Cybercriminals are trying to use Twitter to spread the notorious Blackhole malware by teasing users with messages like "It's you on photo?" and "It's about you".

Blackhole Twitter malware

The Blackhole exploit kit is one of the most notorious pieces of malware on the web and has been widely used by cybercriminals across the globe to infect millions of PCs. Russian in origin, Blackhole has been around since 2010 and while traditionally distributed using spam email, criminals are now using Twitter to spread the virus.

Thousands of malicious links are being spammed out to Twitter users around the globe, targeting users of the micro-blogging site by sending messages with "It's you on photo" and "It's about you."

The messages also contain a link which security company Sophos has discovered, points to Russian webpages which ultimately attempt to infect your Windows PC using the notorious Blackhole exploit kit.

Sophos has identified a pattern in the tweets, which are being sent out from accounts created specifically by hackers or legitimate accounts compromised by the criminals. The pattern is:

@[Username] It's you on photo? [Domain]/#[Username].html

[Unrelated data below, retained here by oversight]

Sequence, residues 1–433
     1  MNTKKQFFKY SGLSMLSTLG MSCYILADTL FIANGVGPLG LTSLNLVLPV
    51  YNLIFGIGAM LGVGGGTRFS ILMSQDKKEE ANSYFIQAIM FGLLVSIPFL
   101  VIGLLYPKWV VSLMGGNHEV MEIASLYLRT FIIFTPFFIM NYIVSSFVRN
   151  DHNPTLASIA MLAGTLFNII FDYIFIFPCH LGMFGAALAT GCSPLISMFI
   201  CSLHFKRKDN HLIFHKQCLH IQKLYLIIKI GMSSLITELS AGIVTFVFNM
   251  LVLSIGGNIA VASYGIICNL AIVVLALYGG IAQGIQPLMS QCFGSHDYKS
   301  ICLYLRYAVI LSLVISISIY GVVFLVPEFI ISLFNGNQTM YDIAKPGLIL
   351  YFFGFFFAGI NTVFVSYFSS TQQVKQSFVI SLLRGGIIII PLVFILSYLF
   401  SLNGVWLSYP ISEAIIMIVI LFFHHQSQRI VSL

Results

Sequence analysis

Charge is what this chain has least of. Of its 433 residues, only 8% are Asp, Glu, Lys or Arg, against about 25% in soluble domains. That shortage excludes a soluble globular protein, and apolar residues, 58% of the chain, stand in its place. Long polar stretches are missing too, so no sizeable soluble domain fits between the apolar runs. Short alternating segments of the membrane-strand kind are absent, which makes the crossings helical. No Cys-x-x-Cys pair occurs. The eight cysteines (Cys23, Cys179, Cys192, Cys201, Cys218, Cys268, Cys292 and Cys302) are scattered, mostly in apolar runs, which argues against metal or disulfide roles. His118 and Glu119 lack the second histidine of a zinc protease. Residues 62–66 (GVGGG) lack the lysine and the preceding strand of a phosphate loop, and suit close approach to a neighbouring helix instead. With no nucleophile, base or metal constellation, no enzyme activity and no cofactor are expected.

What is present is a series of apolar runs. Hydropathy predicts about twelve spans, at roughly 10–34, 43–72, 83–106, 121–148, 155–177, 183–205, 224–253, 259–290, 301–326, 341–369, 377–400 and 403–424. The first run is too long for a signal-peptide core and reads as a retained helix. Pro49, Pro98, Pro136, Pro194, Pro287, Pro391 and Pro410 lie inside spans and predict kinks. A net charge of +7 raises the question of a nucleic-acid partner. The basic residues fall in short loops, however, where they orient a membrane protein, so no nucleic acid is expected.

Graham Cluley, security expert with Sophos warns that the wording of the message may be altered as people get word of the malware threat: "Of course, the cybercriminals behind the campaign could change the wording used in the dangerous tweets at any time."

The Blackhole exloit kit is a piece of software which can be bought by cybercriminals and tweaked to carry out various actions. It was also the first piece of malware which could be rented from the creators with an annual licencing fee of $1,500.

Blackhole Malware Exploit Twitter

If you do click on the link and your computer gets infected, you are risking not only your PC, but the data which is stored on the PC.

"There's a real danger that if Twitter users have not properly protected their PCs, and unless they are warned of the risk, that many people will click on the links without suspecting that they are putting their computer and personal data at risk," Cluley adds.